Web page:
Magdalena raised her eyebrows. “Maybe I should have made a point of telling you more important things, then, since all I tend to natter on about is what’s on at the ballet. I don’t know how you can stand that, if you have been listening to me to get something of more substance.” Magdalena laughed.
“It’s alright,” Annerose said. “I don’t… Following all the news would scare me too much. I can’t do anything about it.”
“You could do something about it if you were in the capital,” Magdalena pointed out.
Annerose looked down at her hands. “I don’t think so.”
“If you say. You really don’t look at the news at all? Even when you go into town?”
“I don’t go into town,” Annerose said. “Konrad goes for me.”
“You really are isolated out here. Should I tell you what Fraulein Mariendorf did, then?”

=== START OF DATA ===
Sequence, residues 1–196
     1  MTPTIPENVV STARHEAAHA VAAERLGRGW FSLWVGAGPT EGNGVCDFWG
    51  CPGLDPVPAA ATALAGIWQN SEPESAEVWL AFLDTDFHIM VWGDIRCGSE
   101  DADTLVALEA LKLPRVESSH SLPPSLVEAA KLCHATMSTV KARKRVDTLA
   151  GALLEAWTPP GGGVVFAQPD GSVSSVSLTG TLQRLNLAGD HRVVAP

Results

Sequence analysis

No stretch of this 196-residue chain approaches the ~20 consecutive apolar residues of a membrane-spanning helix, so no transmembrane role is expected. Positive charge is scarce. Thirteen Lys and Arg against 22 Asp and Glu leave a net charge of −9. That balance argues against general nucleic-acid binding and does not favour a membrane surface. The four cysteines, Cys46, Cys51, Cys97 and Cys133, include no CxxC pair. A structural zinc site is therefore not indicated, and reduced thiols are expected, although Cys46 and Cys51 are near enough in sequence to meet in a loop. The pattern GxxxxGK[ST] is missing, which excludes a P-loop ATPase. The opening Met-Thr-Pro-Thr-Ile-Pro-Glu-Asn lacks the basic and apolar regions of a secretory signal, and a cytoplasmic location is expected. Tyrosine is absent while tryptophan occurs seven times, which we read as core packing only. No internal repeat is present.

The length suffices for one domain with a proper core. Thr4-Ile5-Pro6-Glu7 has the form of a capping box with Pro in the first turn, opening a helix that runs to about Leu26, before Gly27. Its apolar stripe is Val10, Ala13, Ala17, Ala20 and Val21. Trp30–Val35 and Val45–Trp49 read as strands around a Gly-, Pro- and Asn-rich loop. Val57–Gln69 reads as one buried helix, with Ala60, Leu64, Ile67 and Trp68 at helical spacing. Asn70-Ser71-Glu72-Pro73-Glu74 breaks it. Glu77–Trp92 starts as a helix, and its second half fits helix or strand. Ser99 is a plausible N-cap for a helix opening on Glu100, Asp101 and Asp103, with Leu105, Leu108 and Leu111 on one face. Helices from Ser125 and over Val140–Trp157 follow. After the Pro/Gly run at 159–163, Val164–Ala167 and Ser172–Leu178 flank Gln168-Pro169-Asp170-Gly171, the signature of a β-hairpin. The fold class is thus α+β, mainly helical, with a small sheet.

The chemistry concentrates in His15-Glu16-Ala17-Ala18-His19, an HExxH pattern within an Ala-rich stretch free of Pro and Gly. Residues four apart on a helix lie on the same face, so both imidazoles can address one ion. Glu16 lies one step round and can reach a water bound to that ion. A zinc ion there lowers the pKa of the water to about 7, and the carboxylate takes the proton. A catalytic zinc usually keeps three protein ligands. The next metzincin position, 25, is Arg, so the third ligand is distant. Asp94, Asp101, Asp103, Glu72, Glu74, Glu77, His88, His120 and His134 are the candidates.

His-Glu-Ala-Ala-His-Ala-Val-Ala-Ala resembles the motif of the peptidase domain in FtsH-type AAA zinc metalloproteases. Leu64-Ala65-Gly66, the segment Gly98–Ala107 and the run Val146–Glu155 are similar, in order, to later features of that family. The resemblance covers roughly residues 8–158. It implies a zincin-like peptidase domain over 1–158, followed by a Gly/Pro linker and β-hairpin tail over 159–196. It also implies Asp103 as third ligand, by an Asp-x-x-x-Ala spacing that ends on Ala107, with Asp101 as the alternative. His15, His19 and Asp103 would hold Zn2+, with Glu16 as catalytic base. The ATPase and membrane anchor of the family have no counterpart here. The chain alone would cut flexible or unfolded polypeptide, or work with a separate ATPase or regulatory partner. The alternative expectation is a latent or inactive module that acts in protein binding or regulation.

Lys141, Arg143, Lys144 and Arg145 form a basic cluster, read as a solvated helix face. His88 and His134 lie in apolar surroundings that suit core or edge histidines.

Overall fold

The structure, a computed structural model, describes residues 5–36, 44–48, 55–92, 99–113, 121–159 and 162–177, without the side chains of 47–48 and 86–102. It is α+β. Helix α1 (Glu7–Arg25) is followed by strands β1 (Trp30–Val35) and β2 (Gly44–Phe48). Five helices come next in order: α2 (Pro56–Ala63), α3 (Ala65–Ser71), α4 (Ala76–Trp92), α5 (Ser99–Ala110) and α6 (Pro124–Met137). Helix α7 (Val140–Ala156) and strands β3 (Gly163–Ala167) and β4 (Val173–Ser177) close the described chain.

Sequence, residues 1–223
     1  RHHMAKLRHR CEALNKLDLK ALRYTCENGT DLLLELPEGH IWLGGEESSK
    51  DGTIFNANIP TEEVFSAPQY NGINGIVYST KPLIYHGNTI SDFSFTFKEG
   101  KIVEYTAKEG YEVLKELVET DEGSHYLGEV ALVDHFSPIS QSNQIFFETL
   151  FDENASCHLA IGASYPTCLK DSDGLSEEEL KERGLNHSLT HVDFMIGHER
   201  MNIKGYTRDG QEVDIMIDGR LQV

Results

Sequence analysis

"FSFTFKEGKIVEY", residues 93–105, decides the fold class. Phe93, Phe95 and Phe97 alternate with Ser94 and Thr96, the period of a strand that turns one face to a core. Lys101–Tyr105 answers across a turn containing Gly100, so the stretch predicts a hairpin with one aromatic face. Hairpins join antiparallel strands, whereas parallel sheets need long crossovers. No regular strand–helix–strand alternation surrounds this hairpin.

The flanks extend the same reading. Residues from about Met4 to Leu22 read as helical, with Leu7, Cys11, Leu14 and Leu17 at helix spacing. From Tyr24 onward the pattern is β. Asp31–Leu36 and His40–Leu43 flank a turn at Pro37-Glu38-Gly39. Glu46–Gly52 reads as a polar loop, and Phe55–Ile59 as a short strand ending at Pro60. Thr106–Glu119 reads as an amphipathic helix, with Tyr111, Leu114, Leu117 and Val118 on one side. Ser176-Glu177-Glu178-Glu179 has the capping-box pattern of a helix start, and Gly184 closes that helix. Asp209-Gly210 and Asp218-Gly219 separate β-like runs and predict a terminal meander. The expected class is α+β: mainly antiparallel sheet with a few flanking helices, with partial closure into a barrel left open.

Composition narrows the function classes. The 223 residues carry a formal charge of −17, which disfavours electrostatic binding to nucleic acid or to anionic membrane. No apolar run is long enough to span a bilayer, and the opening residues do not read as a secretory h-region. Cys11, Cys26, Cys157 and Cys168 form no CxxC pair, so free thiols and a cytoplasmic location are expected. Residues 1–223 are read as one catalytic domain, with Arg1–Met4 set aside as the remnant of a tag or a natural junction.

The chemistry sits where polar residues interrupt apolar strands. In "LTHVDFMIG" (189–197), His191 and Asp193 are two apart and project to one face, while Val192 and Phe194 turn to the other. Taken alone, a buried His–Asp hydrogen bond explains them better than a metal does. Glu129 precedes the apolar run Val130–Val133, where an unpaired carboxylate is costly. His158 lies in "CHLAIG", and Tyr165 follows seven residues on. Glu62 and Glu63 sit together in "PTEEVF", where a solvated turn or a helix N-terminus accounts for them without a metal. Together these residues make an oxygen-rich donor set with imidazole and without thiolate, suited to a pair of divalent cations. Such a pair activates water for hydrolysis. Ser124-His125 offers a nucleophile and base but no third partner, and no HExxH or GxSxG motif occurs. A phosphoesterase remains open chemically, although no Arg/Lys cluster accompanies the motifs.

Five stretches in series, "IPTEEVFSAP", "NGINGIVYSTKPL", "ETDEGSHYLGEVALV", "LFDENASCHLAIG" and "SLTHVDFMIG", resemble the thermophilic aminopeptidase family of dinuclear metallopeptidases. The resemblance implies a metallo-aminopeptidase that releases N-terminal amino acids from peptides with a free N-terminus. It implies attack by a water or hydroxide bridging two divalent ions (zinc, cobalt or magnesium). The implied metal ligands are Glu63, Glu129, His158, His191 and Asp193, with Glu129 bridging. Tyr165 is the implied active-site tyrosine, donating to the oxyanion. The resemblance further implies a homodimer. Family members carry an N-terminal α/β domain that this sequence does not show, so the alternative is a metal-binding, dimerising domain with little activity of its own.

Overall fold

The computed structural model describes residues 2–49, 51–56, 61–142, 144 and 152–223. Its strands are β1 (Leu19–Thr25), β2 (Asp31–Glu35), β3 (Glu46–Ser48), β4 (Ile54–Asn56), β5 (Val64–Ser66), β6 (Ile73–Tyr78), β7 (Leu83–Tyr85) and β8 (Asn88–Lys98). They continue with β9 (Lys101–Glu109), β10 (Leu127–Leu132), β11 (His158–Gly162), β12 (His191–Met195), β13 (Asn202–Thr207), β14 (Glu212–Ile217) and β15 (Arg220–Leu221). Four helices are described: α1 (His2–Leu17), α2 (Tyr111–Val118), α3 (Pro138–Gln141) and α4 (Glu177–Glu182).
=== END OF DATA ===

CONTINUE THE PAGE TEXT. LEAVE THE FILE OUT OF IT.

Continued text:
“If you like.” Annerose poked her needle through the embroidery fabric, stabbing into a half-done image of a marigold.
“She single handedly conquered the universe,” Magdalena said with a smile.
Annerose didn’t even look up, so Magdalena’s smile fell slightly. “Oh.”
“Really, she took charge of two of Kaiser Reinhard’s fleets and captured Heinessen. It saved your brother’s life, I’m told.”
“I’m very grateful to her, then.” Annerose’s voice was very quiet. “Other people can protect him where I can’t.”
This was a somewhat enigmatic statement, when Magdalena considered the fact that Reinhard was the ruler of all of space. Perhaps Annerose still considered him a child who needed protecting because she had never actually seen him in command. Not like Magdalena had seen that personally, either, but she had seen the look on his face when he placed the crown on his own head. That had dispelled any lingering notions of his youth in her mind. It was the rest of the universe that required protecting from him, if anything.